Novell yesterday took the wraps off a test version of Mono, an open source development platform that allows the creation of .NET applications that can run on Linux and Unix as well as Windows machines.
Mono opens the way towards cross-platform interoperability for emerging .NET applications and environments while allowing developers to write in higher level, richer programming languages. The project is the brainchild of Miguel de Icaza, who joined Novell when it acquired his company, Ximian, last year. As with many software projects, Mono is behind schedule. Originally Ximian (as was) talked about the delivery of Mono sometime in 2002. This date has gradually been pushed back until later this quarter.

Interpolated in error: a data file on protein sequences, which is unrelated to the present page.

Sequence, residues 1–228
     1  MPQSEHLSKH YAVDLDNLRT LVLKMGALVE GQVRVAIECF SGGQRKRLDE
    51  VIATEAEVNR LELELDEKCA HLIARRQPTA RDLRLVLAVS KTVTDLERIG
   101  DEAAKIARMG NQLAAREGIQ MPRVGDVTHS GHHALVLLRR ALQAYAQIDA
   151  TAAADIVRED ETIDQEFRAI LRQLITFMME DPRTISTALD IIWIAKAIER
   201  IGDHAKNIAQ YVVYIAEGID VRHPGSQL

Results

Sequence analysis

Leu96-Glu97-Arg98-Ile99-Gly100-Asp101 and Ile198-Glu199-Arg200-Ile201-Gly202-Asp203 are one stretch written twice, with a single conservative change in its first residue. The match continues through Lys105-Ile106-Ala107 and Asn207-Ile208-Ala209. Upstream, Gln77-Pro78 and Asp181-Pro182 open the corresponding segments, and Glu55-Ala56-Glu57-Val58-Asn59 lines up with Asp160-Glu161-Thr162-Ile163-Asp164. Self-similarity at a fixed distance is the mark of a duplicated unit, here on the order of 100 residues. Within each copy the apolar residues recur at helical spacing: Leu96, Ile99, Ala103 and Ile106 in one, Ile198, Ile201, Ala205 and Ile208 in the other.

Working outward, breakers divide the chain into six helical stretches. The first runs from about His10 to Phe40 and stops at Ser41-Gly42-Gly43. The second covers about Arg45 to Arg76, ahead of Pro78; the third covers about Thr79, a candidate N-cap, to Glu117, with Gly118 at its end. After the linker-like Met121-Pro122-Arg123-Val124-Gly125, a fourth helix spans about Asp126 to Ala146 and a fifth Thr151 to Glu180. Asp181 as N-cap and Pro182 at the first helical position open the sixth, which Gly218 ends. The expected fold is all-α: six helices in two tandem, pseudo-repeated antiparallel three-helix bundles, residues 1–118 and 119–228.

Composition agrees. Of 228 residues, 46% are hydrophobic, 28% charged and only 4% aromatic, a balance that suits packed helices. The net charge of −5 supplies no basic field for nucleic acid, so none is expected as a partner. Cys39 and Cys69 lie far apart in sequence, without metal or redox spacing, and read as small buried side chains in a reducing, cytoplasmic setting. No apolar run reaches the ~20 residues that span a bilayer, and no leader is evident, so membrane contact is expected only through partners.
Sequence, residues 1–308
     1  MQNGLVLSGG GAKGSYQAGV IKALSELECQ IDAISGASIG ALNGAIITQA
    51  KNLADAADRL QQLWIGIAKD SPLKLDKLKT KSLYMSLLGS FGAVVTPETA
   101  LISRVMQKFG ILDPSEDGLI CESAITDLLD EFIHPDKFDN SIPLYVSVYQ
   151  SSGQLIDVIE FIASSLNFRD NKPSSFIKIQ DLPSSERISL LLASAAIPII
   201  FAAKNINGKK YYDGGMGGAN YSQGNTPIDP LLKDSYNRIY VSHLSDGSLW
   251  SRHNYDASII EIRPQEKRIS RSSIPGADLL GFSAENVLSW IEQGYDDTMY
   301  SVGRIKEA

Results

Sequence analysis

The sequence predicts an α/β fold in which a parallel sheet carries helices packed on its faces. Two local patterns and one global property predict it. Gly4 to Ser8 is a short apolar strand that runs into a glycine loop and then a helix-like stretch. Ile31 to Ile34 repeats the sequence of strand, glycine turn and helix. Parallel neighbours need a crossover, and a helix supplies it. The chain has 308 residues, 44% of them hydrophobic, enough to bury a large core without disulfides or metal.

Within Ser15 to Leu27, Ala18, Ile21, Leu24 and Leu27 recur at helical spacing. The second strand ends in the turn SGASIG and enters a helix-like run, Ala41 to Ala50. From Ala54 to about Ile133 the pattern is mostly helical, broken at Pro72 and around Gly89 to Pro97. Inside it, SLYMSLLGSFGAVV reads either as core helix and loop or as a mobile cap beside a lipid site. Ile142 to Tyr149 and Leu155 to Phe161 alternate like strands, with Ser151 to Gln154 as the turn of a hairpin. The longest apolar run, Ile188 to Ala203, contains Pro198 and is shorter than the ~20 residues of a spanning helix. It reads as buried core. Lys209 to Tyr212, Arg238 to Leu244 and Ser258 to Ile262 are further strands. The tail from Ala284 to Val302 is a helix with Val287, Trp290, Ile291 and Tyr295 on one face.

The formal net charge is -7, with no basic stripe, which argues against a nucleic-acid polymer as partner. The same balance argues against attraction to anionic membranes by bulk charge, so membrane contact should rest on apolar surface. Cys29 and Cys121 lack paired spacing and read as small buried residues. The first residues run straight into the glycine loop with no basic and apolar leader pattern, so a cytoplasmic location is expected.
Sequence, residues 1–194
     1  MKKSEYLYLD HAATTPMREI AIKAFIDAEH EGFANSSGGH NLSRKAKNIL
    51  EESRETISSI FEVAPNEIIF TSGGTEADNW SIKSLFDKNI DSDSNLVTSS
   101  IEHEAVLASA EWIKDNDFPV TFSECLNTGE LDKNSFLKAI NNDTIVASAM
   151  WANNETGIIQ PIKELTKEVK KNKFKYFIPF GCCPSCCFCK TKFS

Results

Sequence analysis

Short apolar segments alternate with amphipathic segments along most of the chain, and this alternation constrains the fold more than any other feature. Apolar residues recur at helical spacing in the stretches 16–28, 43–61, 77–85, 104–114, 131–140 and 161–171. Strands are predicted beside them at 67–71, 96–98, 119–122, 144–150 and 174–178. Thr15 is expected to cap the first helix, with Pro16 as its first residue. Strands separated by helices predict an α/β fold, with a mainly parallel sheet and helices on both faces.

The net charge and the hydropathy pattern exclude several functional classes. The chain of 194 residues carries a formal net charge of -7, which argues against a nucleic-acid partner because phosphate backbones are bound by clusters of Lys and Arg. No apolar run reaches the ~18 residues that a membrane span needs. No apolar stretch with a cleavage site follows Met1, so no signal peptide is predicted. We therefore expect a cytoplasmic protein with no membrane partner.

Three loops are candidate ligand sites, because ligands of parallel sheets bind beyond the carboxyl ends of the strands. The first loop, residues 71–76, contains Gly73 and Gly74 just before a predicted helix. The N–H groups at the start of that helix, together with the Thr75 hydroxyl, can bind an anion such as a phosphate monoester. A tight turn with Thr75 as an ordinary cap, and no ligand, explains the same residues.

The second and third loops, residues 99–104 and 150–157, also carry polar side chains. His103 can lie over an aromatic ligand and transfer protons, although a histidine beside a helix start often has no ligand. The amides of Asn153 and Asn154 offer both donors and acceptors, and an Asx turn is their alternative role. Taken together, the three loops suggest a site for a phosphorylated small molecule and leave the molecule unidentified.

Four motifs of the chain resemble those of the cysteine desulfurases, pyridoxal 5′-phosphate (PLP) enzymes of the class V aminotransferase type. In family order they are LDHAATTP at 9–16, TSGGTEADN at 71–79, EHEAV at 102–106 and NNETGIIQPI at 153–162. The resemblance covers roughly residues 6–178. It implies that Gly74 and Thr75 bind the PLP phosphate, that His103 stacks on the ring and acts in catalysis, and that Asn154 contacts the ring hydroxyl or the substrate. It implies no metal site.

News source: theregister.co.uk On arrival, Mono 1.0 promises to incorporate key .NET-compliant components, including a C# compiler, a Common Language Runtime just-in-time compiler and a full suite of class libraries. The development platform will help coders to write rich client, Web services and server-side applications and deploy them on Linux, NetWare, Mac OS and Windows. Propeller heads can download Mono 1.0 Beta 1 and find more about the project here. ®